Music: Eric Wollo: Emotional Landscapes (2003)
We arrived and slumped on backless couches behind a series of glass slabs arranged in a curious stagger. Walking past us on the street, if a voyeur surrendered to human habit, she would see two blurs moving, sometimes gesturing. To see us from the outside, she would need to discern the angled puzzle, and even then, we would appear as a couple trapped behind glass bars. And that is an aesthetic irony, because our arrival was something of an escape from the lobbied zones of greeting at the conference hotel.
I conveniently lost my nametag lanyard on the second day; it is hard to brandish a badge tethered to my head with long hair on humid days.
We conversed as long time friends do; she took off her shoes. I loosened my tie. Asymmetrical hair, Mia Farrow with inked sleeves, $20 martini? Well, what the hell. I reckon we’ve made it and deserve it and repairing the cracked front window at home can wait another month with duct tape. Besides, she’s not going to point out with her eyes that I’ve gained weight. Again.
I did my best impression of a teacher-character’s voice from South Park: “Well, are you having a good convention? Have you seen any good panels?” She grinned, and then we laughed softly, and the martini still was on its way. Why is that taking so long? It’s like waiting for Jesus after all those talking heads. And having a good convention is not necessarily related to panels.
“I actually did see a great panel,” I said. (Finally, martini.) “Someone was using Rancier in a way that could be communicated in the spoken word,” I explained. “Interesting critique of the current state of visual rhetoric, but this time not with Heidegger.” She shared a similar story too, but it wasn’t long before we started talking about the last six months, reviewing things that had happened that didn’t get discussed in the monthly catch-ups. (Oooh, what yumminess has been stuffed into this olive?) Academics on the decline; sit-com worthy naughty-neighbor stories; marriages; engagements; children; deans and . . .
Some of our mentors have retired or are retiring but are still thriving.
In one ballroom, an Indian wedding. In the neighboring ballroom, a wake. It’s not always about the panels.
“More crying happens at conferences than I ever knew,” I said.
“Yes. I know,” she said. And I was thinking that not all of those tears are mournful.
“I think I get more hugs and love here than I do when I go home to see blood-relatives.”
“It’s so good to see you,” she said, with those familiar and soulful eyes. I looked forward to seeing many sets of them, and in retrospect I did.
“Best friends: they only get 45 minutes.” Laughter.
The blurred glass slabs return again later in the evening in a different way: the slurred speech of a respected senior figure summoning me for a private chat. I cannot figure the angle from which I should hear.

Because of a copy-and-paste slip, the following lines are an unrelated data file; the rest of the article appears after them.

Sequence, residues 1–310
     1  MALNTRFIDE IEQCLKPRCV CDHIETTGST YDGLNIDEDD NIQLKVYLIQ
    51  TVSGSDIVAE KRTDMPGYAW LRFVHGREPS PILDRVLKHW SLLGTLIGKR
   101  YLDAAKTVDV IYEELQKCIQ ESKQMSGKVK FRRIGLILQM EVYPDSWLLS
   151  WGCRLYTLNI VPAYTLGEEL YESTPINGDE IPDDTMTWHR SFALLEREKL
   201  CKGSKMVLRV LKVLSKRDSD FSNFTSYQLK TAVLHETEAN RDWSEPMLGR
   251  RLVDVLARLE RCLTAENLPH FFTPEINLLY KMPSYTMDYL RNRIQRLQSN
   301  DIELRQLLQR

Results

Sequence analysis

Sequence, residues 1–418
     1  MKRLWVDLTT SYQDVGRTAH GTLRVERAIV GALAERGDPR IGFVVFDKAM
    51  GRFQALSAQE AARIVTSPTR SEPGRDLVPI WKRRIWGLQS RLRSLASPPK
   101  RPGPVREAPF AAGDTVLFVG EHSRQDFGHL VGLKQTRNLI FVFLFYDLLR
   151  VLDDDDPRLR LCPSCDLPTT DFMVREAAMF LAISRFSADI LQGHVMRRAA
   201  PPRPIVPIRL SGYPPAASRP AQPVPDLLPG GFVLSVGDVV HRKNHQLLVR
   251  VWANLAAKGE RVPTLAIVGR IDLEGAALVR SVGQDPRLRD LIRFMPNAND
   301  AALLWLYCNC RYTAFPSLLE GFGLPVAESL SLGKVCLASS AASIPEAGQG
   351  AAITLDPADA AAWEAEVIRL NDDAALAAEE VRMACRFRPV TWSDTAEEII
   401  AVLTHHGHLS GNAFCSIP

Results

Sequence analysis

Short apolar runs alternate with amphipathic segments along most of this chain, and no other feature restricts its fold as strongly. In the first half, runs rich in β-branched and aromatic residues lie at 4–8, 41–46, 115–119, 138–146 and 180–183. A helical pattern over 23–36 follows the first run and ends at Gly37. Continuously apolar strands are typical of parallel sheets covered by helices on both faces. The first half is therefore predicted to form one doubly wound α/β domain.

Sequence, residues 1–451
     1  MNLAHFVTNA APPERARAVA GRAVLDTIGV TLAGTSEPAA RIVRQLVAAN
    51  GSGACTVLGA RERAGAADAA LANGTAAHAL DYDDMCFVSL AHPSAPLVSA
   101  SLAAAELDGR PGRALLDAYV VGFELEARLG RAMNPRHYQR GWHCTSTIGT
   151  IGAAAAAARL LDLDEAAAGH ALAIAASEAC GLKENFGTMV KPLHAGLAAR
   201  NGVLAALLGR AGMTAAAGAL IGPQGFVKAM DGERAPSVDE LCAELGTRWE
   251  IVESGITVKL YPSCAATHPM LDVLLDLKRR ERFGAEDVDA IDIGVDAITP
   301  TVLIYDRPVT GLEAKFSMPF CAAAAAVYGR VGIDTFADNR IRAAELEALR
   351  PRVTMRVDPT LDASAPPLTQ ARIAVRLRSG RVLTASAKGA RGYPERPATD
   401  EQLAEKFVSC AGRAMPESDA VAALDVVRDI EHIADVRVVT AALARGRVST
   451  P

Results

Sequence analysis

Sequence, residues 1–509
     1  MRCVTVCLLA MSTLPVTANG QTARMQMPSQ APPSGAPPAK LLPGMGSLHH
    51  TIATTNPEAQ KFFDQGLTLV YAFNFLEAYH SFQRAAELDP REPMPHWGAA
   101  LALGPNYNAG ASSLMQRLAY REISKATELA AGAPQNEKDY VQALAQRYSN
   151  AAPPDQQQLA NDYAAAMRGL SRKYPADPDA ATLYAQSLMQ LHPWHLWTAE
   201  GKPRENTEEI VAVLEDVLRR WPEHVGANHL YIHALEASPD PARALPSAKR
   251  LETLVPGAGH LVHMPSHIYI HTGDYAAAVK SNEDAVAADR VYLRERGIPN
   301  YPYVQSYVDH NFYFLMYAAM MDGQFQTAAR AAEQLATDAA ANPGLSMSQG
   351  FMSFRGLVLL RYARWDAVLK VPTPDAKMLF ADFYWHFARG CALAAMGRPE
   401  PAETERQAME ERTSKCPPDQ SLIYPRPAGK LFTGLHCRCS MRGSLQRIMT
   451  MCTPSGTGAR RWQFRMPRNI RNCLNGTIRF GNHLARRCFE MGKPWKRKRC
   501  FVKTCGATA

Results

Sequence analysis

“I misread you,” he said. “I thought you were all show. But I reviewed your piece on Prince’s secret album . . . I was very impressed with how you revised that. You’re a class act. But then, just look at you. Don’t take that the wrong way. You’re a good guy.”
“Thanks. It means a lot to hear you say that,” I said.
A clearer view, later, someone peering through the blinds.
“I overheard that conversation,” she said. “I’d be pissed as hell. Why didn’t you tell him off? Jeezhuss!” She grabbed my elbow.
“He was blitzed, and I knew what he meant. I wasn’t insulted. I think he was just sayin’ that he thought what I was trying to do was, you know, valuable, that it was worth the time to engage it.”
“I’d have told him to [insert unpleasant words],” said another acquaintance. “He was obviously trying to insult you.”
“Well, it didn’t work. I’m a lover not a fighter,” I joked. Until that “objective” assessment from the overhearing, I honestly didn’t remember the conversation in any other way than I initially received and felt it. I was genuinely flattered; I think I still am.
“But you love everybody,” said another mentor much later, about someone else, another generation, another clique, another slab (this time, smoke). That was a critique.
. . . especially you.
It’s about growing older.
Growing older together.
Late last night, in 7th street between the two hotels, a man who had not shaved in some months sat slumped on the pavement, his back leaning up against a light post. He seemed delirious, his head occasionally rolling from one side to the other. A paramedic in a white uniform brushed by me with a plastic box of attending things. Bejeweled diners overdressed crowded along the edges of buildings in gawk; a heavyset man in a tailored suit laughed as he conversed with a state trooper. Flashing lights from a parked ambulance turned the corridor into a kind of street disco, blue and white lights flashing and reflecting on glass walls pointing to an open sky. A storefront of candy. Here and there academics could be spotted, forgetting they still wore their badges. I knew some of them. A doorman went on for some minutes about how much he admired my shoes. More and more policemen arrived.
As we stood in the lobby, a friend showed the doorman my pocket watch as I busied myself with a cell phone.